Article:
An Introduction: Life Plan B…or C…or D

Well the weather is beginning to turn.  I’m sitting on my balcony wrapped in a nubby blanket, and the leaves on the tree near me are yellowing.  I really enjoy autumn, but I’m not sure I’m ready for it to be here quite yet.  Autumn is a reminder that time moves on.  Leaves fall, the sun is around less and less, and before we know it, summer will be buried under the ice and snow that we adore so much here in Chicago.  Lately it’s been reminding me, at the risk of sounding a bit dramatic, that time is speeding up, and I need to figure out who I am before I run out of it.

I graduated from college with an English degree a little over a year ago.  Post-graduation, I moved to Chattanooga, Tennessee where I had a job working for an internationally-known sculptor.  For a hectic seven weeks, I wrote press releases, newsletters, and grant requests, edited photos and filmed installations, and traveled across the country taking down exhibitions and meeting with potential buyers and heads of museums.  Seven weeks in, I got laid off.  I didn’t know anyone in the area except my roommate, a college friend of mine who was working as a waitress at the local dive bar.  I spent months unemployed because I found that in Chatt, if you aren’t related to someone, you’re an outsider.  And as a result, no one wanted to hire me.  I was working as an intern for a publishing company, but it was unpaid.  By October, I decided I needed to go home to Chicago.  On Halloween I packed up all of my stuff, drove 12 hours, and moved back in with my parents.

I remember in high school the media started calling people my age the “boomerang generation” because of the way they went off to college and then, after graduation, moved back in with the ‘rents.  I promised myself that I would be independent, make my own way in the world, and not rely on my parents for everything…and yet here I was, post-college, living in my parent’s guest room.

I spent a long time looking for jobs, finally landing a temp job doing data entry for a financial firm.  That ended after a couple of months and I was back on the job search.  One of my mom’s friends found me the job I have now doing data entry for a payroll company.  I’ve been at this job for 7 months now.

My story is like so many other recent graduates out there these days.  Recently, a friend told me she just feels lost.  Like she doesn’t know who she is anymore since she graduated from college.  That is how I have described myself quite frequently since donning my mortarboard.  May 2009 was so beautiful and full of hope.  I was so excited to “begin” my life.  I am baffled by how I got to where I am today.

I’m blogging about this because I feel like it is a pretty common sentiment among my peers and those going through transition during this awful economic time.  My story is one of thousands out there–maybe even tens of thousands…or more.  I’m looking to answer these questions:

What is my identity now that I’m not a student anymore? I spent 17 years of my life in the education system.  And I was good at it!  Now I have to develop a completely new skill set, new goals, new outlook on life.  How do I even begin going about that?

Who am I when I’m unemployed? Or, more applicable to my situation, who am I when I’m unhappy in my job? Our society places so much of our identity on our occupations.  As a result, it has begun to color my outlook on meeting new people or seeing old friends because I know the inevitable question, “What do you do?” or “What are you doing these days?” is going to come up.  I have difficulty finding the energy for it.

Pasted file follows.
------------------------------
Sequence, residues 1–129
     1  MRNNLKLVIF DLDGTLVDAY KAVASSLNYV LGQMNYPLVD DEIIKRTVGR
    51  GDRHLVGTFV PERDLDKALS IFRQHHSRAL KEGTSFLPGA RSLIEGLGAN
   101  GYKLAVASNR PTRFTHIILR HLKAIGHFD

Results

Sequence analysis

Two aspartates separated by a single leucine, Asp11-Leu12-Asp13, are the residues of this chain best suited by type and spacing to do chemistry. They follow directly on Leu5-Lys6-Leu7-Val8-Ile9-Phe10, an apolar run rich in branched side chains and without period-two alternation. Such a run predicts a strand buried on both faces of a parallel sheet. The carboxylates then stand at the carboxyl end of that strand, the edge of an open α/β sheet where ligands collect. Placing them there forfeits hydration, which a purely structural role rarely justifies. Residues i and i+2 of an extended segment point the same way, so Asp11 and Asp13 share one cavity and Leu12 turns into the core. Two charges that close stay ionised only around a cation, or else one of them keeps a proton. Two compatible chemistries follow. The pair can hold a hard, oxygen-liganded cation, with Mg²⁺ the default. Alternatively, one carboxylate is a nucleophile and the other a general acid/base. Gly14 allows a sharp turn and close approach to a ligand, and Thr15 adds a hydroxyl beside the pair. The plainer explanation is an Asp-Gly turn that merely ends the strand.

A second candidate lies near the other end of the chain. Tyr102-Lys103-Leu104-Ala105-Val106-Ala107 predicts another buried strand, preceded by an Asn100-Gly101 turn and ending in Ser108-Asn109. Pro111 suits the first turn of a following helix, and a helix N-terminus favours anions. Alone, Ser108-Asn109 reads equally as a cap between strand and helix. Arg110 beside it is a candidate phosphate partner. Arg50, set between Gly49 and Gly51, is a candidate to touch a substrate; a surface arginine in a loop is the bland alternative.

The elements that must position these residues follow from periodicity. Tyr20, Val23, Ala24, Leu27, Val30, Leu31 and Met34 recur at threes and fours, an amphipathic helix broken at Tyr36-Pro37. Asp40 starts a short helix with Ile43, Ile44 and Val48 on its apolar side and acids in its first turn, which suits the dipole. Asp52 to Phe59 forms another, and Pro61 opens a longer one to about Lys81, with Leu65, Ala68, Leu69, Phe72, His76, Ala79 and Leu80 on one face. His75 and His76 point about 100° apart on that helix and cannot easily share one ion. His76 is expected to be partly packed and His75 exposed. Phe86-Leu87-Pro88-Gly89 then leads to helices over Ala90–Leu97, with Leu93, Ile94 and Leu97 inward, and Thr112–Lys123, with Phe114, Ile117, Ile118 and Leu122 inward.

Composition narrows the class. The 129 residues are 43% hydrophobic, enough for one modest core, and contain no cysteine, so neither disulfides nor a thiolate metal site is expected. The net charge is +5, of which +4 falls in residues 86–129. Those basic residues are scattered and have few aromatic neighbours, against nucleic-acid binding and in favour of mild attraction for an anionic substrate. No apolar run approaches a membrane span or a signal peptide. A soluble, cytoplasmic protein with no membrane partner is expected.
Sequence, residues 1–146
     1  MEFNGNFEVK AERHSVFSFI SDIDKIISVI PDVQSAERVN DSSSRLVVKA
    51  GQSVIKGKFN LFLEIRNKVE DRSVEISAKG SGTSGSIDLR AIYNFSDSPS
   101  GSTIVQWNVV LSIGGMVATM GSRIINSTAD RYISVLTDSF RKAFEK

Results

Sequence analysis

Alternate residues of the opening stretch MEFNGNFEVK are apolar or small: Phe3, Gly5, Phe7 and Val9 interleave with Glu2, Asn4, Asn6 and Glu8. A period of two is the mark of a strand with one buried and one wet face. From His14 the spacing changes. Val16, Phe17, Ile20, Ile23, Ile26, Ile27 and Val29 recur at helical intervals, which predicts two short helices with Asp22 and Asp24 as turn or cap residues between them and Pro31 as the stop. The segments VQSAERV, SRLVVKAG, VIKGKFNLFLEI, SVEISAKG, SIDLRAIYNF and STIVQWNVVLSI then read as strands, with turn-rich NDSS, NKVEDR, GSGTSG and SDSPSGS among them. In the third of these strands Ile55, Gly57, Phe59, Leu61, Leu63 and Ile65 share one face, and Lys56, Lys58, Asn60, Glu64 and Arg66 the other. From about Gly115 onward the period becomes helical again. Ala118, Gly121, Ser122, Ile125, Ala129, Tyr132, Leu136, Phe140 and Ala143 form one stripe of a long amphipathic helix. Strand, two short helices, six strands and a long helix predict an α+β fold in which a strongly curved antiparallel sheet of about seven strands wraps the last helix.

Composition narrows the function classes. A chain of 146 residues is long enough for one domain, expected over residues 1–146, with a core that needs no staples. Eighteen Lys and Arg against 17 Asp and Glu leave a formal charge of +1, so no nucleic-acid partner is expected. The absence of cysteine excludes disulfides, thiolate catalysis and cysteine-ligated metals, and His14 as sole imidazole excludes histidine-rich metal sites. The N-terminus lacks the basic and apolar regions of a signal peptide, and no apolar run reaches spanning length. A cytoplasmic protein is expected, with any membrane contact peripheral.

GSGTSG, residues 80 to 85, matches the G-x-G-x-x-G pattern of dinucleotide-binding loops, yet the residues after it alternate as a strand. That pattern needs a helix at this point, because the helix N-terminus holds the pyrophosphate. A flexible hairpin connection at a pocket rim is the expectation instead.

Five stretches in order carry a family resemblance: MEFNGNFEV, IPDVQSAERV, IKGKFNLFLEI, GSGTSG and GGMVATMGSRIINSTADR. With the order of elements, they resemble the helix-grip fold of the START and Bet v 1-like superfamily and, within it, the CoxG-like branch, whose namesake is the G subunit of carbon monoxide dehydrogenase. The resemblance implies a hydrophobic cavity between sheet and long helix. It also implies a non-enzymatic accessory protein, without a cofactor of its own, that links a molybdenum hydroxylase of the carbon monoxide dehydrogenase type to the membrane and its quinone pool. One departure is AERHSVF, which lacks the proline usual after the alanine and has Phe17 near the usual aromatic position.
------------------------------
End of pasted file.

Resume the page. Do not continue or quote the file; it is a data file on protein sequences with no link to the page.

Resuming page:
What can I do to make my life more fulfilling? I assumed (naively) that post-graduation I would find a job that had some aspect I enjoyed.  I had this grand image of living in an exotic place, making interesting, creative friends, having stimulating conversations.  It’s not that my life doesn’t have its happy moments, but most of the time, I feel as if I’m just marking time until I become that person I envisioned.  A blog entry I read recently by Michael Hyatt stated that you should be moving towards something, not away from something else.  Right now I am stagnant.  What can I be moving toward?

I want to hear from all of you out there in similar situations as well.  How are you coping?  What are you doing to make your lives more interesting?  What kind of person to you envision yourself being, and how are you doing making that a reality?

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5 thoughts on “An Introduction: Life Plan B…or C…or D

  1. Allison!!

    1. Love your story. And the Last 5 Years reference in the title.

    2. TOTALLY GET WHAT YOU’RE FEELING.
    Let’s figure ourselves out? Or, just stop trying so hard to be something and just…..be. Enjoy our time together. And the little things we DO get to do. It gives those things more value.
    Let’s create something. A new hobby. A book club? A goal to work toward. We can do that.
    A job, while it should be something you enjoy, does not have to be your life. So let’s make our lives happen.

  2. A coworker and I were commiserating today about some poor management styles we have to endure at our company. Then he sighed and said, “You know, these are the good times we will look back on fondly someday.” I guess the message there is what Alicia was saying. This is our real life right now; we should enjoy the parts we can and not let the rest define us. And like you noted in your post, life seems to speed up as you go …

  3. Pingback: I Am Not A Boomerang | The Get-a-Life Project

  4. Pingback: Get a Life vs. Get a Job | The Get-a-Life Project

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